Artist: Cannibal Ox
Album: Cold Vein
Label: Def Jux
from the new underground empire of Def Jux (formed when El-P left Rawkus)
comes Cannibal Ox and their latest release "Cold Vein". Sounding
more like a 15-track stream of consciousness than a typical hip-hop release,
"Cold Vein" is one of those albums that's sure to be heartily
ignored by the clubhoppers and discussed widely by the emcee connoisseurs
for months to come. It's even a safe bet that it might show up on some
of their "
of 2001" lists.
"Cold Vein" is damned underground even for an underground album.
Cannibal Ox were clearly on a mission to deliver their particular vision
of hip-hop, no matter how distinct or alienating. The composition of the
album is very dark to start with, almost recalling the hollow soundscapes
of Radiohead, albeit in a very satisfying breakbeat form. The musical
background thumps and loops ominously throughout, rising towards peaks
and then falling into distortion. Up to the task of lyrically matching
such complex arrangements are emcees Vast Aire and Shamar. Both manage
to bring such a consistent and wordy flow that it will easily take the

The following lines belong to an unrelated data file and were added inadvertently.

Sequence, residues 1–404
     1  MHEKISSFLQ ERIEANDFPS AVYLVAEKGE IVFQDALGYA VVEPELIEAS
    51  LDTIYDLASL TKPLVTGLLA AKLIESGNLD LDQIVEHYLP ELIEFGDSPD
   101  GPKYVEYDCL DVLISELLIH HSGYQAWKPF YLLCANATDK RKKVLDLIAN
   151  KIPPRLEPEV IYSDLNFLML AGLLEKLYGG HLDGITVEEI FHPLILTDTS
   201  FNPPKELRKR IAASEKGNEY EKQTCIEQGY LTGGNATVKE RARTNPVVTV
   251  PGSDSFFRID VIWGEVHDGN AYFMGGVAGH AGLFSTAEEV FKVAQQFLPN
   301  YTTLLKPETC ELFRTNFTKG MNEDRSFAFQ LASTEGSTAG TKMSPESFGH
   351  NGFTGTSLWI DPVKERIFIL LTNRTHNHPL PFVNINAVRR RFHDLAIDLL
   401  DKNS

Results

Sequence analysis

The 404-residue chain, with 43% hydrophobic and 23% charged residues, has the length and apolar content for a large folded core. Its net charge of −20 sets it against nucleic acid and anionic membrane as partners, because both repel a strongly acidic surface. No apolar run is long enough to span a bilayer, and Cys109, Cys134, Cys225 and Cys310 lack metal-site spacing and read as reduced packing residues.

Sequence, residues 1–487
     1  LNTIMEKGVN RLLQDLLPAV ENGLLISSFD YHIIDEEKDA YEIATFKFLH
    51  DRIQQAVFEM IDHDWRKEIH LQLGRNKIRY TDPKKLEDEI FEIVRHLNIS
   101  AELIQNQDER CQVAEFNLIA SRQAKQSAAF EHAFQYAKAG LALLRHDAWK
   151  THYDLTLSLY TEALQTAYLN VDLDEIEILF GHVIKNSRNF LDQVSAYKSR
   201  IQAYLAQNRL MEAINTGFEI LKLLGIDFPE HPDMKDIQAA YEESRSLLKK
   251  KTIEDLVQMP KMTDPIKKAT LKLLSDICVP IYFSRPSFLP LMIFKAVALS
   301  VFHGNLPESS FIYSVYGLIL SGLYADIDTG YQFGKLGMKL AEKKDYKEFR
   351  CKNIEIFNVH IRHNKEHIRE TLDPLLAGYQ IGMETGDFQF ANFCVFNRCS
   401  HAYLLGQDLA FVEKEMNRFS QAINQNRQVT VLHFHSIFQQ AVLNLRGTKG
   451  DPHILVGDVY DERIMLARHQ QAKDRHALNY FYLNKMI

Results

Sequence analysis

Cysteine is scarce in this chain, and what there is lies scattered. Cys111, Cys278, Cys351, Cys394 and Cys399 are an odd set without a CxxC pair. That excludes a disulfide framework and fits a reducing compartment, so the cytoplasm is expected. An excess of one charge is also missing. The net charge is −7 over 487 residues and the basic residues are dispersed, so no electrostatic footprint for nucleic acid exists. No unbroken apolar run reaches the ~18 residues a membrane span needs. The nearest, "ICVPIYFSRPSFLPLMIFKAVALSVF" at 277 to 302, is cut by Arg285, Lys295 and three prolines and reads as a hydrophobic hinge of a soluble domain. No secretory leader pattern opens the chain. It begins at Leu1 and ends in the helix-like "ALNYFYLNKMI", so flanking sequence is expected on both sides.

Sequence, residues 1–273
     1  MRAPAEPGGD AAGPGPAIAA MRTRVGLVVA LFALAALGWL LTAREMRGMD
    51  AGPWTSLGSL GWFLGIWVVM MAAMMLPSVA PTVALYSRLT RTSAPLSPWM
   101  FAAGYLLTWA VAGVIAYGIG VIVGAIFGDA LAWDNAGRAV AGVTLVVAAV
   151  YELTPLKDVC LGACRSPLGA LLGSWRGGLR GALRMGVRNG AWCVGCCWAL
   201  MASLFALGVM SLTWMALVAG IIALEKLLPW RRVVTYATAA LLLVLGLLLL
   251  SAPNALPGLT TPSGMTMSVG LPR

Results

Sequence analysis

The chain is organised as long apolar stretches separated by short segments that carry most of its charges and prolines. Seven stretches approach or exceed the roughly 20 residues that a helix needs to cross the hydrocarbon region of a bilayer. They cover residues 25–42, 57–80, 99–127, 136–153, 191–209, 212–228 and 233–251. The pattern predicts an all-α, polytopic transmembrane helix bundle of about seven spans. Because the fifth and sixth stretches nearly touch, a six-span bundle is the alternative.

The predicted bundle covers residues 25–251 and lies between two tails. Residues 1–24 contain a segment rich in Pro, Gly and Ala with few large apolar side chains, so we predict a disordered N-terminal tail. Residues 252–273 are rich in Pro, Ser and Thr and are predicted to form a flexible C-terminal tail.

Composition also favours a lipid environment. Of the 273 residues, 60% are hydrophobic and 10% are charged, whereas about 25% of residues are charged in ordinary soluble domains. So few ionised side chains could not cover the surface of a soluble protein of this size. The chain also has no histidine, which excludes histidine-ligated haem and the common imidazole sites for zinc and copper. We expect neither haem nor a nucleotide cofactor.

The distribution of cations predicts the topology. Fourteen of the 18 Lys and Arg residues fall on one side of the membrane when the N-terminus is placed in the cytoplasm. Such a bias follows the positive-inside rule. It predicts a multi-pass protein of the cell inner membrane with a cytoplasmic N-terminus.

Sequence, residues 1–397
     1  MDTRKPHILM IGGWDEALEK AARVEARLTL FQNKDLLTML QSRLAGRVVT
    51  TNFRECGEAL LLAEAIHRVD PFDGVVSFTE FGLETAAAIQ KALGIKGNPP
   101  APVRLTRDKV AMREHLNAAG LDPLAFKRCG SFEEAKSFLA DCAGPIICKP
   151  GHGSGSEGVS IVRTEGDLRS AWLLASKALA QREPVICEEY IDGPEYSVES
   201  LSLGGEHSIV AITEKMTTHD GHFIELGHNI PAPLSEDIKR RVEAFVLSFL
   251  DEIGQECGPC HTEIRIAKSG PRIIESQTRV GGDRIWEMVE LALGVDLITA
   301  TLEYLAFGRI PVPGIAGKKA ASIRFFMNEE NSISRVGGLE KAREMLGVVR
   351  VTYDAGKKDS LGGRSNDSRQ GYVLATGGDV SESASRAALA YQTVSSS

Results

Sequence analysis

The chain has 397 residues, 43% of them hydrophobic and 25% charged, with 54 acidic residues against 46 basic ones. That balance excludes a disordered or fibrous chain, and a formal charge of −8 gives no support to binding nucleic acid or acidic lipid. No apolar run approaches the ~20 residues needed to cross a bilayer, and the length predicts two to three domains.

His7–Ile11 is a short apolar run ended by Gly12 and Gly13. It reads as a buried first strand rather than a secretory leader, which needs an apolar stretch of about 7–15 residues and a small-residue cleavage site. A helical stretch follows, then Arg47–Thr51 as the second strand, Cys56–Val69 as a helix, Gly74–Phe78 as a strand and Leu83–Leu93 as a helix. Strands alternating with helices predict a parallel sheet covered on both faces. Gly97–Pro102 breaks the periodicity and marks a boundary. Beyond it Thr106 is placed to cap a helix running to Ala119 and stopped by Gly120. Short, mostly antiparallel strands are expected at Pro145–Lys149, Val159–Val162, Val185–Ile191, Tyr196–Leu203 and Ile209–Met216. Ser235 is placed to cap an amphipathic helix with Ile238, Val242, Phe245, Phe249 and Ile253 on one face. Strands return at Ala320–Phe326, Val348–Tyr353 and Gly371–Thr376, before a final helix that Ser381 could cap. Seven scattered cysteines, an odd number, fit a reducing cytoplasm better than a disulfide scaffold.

most initiated listener a few listens to catch AND understand what was
laid down. Their subjects tend to stay grounded, but the delivery can
be almost ethereal at times.
You may already realize that "Cold Vein" isn't something that's
going to be bumped in the clubs this summer
short of some really
sentimental DJ who gives props to Def Jux artists. It's a more cerebral
effort than some might be used to, and frankly demands more patience than
some might have. And to bring a double-edged sword to the table, it's
the songs where they relax a little where "Cold Vein" starts
to lag some. It's not a completely fair assessment; to expect them to
keep up the same energy of opening track "Iron Galaxy" for such
a long time might be more than any artist can really manage. "The
F Word", a love track, for example, sounds a bit out of place and
doesn't really add anything to the album. On the other hand, the near
constant dark mood of the album could be more than some hip-hop listeners
Approach "Cold Vein" with a completely open mind, then. It's
a lot to take in, but is expertly constructed and obviously done with
a lot more attention to detail than much of today's hip-hop. This isn't
Cannibal Ox's definitive word, and they still have room to move. More
for the intent listener than for the hip-hop weekender, "Cold Vein"
demands attention and rewards it nicely.
-- Maurice Downes
Free Williamsburg© | 93 Berry
Street | Brooklyn, NY 11211
| August 2001 | Issue 17
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